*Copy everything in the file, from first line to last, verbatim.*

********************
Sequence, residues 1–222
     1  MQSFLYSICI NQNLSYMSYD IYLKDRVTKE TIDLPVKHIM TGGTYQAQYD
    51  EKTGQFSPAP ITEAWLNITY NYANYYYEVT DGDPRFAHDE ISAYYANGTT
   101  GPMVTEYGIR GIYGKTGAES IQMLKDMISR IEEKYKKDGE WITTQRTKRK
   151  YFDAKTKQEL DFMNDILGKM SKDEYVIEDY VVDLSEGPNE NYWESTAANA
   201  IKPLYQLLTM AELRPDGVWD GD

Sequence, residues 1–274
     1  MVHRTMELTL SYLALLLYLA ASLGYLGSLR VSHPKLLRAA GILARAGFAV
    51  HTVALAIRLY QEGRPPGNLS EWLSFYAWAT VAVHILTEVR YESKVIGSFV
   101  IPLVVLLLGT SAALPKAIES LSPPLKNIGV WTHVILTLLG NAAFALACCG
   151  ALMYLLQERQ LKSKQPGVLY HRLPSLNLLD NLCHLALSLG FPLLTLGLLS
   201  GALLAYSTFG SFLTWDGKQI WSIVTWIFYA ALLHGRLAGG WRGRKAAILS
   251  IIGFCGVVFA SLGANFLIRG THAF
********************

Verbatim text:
Sequence, residues 1–222
     1  MQSFLYSICI NQNLSYMSYD IYLKDRVTKE TIDLPVKHIM TGGTYQAQYD
    51  EKTGQFSPAP ITEAWLNITY NYANYYYEVT DGDPRFAHDE ISAYYANGTT
   101  GPMVTEYGIR GIYGKTGAES IQMLKDMISR IEEKYKKDGE WITTQRTKRK
   151  YFDAKTKQEL DFMNDILGKM SKDEYVIEDY VVDLSEGPNE NYWESTAANA
   201  IKPLYQLLTM AELRPDGVWD GD

Sequence, residues 1–274
     1  MVHRTMELTL SYLALLLYLA ASLGYLGSLR VSHPKLLRAA GILARAGFAV
    51  HTVALAIRLY QEGRPPGNLS EWLSFYAWAT VAVHILTEVR YESKVIGSFV
   101  IPLVVLLLGT SAALPKAIES LSPPLKNIGV WTHVILTLLG NAAFALACCG
   151  ALMYLLQERQ LKSKQPGVLY HRLPSLNLLD NLCHLALSLG FPLLTLGLLS
   201  GALLAYSTFG SFLTWDGKQI WSIVTWIFYA ALLHGRLAGG WRGRKAAILS
   251  IIGFCGVVFA SLGANFLIRG THAF